Ardern was appearing on The Late Show studio for the third time, on the same day more than 20 people were shot dead at Robb Elementary School by an 18-year-old in the city of Uvalde.

Colbert had visited New Zealand months after the terror attack on mosques in Christchurch.

He asked how New Zealand was able to pass laws in response to the attack, "when we can't pass so much as universal background checks for people with mental illness of violent behaviour even though 91 percent of Americans approve that".

Ardern said being confronted by those kinds of events playing out from afar, she would see them "as a mother", but New Zealanders were very pragmatic people.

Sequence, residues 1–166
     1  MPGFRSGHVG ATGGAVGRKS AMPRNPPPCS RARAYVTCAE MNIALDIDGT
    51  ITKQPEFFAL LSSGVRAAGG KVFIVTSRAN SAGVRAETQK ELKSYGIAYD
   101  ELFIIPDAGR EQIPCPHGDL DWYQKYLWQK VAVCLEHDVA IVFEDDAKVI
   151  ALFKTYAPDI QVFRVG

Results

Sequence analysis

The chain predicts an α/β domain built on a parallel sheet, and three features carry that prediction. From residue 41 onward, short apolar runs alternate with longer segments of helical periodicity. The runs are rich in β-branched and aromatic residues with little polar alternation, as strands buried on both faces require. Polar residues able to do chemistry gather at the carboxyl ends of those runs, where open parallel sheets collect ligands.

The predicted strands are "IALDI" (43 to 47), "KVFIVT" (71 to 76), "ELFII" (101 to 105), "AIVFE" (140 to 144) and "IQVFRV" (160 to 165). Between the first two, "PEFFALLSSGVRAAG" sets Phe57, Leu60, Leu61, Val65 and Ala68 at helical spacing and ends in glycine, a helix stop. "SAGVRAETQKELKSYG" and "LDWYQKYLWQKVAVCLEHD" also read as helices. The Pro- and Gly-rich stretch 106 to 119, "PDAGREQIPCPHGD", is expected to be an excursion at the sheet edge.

"When we saw something like that happen, everyone said never again, and so it was incumbent on us as politicians to respond to that. Now, we have legitimate needs for guns in our country for things like pest control and to protect our biodiversity, but you don't need a military-style semi-automatic to do that."

There was still work to do after the buy-back scheme, and she would not say the system was perfect but "we saw something that wasn't right and we acted on it and I can only speak to that experience".

She also spoke to Colbert about her daughter Neve getting a briefcase from the government, after the three-year-old grew jealous of her mother's.

 

 

"This is how great and how friendly these people are, the New Zealand government put together a briefcase for Neve to have at the end of the day," Colbert said.

Ardern said Neve called it her "busy work" and imitated the girl's bitter disappointment if she ever came home without it.